We have now been living with Covid-19 in the US for five months. I know there is some debate about when it got here but shutdowns and warning started appearing at the beginning of March. We probably would be further along in our battle against the virus if wearing masks had not become politicized. But, as it is, it looks like Covid-19 is here to stay – perhaps even after a vaccine is available sometime next year.
So, how does that change things? Tom and I are getting used to ordering everything online and then doing curbside pick-up. I have been so thankful for the internet – this would be so much harder without it. The circle of people we see frequently has shrunk to a very few. And I can count on one hand the number of people I have hugged in the last five months. I am also thankful that I have a husband that I enjoy spending time with and friends and family who love me enough to keep in touch.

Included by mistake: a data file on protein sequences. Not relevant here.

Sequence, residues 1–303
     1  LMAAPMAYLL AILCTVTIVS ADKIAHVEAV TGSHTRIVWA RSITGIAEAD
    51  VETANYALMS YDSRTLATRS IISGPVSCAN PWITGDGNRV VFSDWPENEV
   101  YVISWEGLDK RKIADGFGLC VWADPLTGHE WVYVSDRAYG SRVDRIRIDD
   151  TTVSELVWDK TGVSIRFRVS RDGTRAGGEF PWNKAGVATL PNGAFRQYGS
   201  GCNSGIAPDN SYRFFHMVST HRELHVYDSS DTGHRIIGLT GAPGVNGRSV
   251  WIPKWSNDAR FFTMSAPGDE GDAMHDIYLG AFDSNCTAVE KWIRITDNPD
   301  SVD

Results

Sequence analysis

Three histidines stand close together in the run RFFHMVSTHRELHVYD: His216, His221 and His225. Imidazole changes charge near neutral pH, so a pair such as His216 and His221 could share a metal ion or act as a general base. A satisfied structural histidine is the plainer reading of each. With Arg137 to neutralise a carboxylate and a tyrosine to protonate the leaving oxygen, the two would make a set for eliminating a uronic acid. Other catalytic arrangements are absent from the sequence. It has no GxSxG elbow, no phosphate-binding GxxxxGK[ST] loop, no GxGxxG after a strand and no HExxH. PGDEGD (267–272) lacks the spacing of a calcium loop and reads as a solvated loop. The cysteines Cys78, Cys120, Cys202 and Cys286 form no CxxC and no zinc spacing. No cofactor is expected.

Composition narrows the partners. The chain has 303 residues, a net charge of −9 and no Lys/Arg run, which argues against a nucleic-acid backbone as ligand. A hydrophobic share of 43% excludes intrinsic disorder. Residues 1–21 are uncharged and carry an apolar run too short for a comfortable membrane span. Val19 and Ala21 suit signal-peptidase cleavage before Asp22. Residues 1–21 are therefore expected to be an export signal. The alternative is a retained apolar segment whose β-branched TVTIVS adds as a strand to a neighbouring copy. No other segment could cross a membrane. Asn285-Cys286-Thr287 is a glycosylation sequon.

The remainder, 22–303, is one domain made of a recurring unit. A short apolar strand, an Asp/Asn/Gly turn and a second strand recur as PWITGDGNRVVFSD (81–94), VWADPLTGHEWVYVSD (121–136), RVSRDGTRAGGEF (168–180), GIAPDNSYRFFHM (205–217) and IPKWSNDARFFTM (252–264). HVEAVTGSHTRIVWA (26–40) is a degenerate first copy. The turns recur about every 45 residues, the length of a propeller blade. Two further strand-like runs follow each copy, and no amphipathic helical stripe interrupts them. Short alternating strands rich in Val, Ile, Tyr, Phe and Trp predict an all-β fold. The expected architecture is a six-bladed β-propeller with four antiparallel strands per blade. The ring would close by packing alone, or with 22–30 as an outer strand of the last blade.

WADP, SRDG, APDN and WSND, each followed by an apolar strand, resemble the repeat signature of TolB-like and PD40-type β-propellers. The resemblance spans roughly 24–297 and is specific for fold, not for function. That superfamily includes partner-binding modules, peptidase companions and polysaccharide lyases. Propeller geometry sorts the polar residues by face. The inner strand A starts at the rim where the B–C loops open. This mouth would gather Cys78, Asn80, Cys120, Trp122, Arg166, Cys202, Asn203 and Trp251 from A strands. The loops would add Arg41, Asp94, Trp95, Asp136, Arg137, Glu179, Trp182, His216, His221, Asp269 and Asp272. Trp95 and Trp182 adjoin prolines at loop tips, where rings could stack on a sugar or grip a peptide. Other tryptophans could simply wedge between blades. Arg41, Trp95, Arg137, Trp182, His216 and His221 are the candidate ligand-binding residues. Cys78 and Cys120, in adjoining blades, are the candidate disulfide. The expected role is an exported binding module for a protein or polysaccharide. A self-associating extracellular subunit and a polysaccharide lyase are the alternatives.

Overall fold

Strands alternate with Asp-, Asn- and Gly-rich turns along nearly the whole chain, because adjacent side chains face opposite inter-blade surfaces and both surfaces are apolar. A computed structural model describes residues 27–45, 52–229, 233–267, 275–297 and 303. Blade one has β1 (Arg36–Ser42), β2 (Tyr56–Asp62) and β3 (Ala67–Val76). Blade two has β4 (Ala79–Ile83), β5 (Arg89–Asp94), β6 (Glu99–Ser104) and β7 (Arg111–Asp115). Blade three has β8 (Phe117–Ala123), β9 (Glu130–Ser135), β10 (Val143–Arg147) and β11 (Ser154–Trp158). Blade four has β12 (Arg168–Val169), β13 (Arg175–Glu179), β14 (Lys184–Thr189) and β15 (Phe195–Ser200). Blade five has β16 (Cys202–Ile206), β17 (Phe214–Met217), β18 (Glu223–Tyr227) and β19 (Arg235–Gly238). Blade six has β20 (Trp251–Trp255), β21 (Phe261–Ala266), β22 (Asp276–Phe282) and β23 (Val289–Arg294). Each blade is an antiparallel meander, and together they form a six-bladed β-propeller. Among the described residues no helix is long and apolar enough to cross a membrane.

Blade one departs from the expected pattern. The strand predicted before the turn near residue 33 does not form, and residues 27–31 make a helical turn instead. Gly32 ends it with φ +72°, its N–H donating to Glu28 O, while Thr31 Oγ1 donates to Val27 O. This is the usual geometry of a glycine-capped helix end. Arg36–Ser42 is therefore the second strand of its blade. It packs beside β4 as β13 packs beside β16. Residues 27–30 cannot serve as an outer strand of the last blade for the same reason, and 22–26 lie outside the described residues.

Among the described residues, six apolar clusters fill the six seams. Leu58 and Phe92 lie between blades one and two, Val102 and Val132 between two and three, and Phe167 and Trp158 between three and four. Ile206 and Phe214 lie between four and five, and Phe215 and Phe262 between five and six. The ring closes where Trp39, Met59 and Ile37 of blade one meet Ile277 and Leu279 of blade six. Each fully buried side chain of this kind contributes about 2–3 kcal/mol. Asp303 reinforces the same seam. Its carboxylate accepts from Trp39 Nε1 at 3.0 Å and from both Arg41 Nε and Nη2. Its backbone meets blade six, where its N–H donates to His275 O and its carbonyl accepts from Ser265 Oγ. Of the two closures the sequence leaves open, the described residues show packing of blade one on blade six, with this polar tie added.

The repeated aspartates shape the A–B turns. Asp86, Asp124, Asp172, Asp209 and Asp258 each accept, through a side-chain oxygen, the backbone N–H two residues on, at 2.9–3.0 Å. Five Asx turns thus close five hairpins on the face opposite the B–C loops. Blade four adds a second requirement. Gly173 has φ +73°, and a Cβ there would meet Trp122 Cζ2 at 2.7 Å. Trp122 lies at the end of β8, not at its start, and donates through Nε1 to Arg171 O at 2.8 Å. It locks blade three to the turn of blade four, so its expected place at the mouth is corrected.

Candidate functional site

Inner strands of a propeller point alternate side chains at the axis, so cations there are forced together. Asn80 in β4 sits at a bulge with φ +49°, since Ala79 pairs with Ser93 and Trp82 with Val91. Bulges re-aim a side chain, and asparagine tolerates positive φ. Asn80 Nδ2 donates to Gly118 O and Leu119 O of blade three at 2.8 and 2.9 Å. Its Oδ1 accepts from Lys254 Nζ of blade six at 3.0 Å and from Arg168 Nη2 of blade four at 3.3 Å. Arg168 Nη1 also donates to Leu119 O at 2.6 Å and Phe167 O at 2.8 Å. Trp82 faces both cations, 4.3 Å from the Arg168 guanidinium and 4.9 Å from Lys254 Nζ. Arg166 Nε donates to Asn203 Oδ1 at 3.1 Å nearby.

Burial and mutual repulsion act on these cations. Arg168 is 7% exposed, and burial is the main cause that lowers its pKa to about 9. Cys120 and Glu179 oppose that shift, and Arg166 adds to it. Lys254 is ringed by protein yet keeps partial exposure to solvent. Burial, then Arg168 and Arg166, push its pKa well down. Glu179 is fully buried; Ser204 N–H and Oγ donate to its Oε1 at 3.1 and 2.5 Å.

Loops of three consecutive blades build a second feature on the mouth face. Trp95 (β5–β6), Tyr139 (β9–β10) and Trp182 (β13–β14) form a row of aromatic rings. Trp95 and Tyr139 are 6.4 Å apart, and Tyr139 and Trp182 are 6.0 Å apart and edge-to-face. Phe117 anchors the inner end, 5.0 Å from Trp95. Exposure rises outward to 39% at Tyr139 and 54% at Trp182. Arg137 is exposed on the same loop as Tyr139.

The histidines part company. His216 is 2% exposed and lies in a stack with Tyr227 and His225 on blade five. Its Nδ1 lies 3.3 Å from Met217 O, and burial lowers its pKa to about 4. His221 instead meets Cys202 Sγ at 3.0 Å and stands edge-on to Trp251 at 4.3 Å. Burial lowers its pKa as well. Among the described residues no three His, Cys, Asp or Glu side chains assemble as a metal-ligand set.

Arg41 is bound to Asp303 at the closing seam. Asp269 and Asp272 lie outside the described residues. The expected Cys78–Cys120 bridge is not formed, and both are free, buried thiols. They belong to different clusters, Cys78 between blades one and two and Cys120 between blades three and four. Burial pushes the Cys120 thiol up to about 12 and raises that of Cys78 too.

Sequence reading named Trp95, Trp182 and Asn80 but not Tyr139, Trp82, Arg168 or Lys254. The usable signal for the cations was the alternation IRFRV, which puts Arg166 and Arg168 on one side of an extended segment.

Being an introvert, I have never sought out a lot of new people when we travel. I am not one of those “life of the party” campers who makes new friends in every campground. Instead, I enjoy the company of a small group of close friends and family. But being far away from most of those folks meant I had some lonely days over the last few months. If we had not been able to keep working at Fort Frederica, I would have struggled with depression. And then Georgia opened too soon and suddenly Covid-19 cases started spiking up.
Which has led to some soul-searching and long discussions with Tom. Do we want to continue to travel full-time? Do we want to continue to work eight months a year in a national park? Even before Covid-19, I was feeling like we were working too much and traveling too little. Sitting on St. Simons Island for six months reinforced that feeling. Too far from family. Too far from most friends. Choosing between work conditions that feel unsafe and quitting on a commitment we made.
Tom and I are making some changes. What are they? What have we decided? You will have to wait until next week to find out.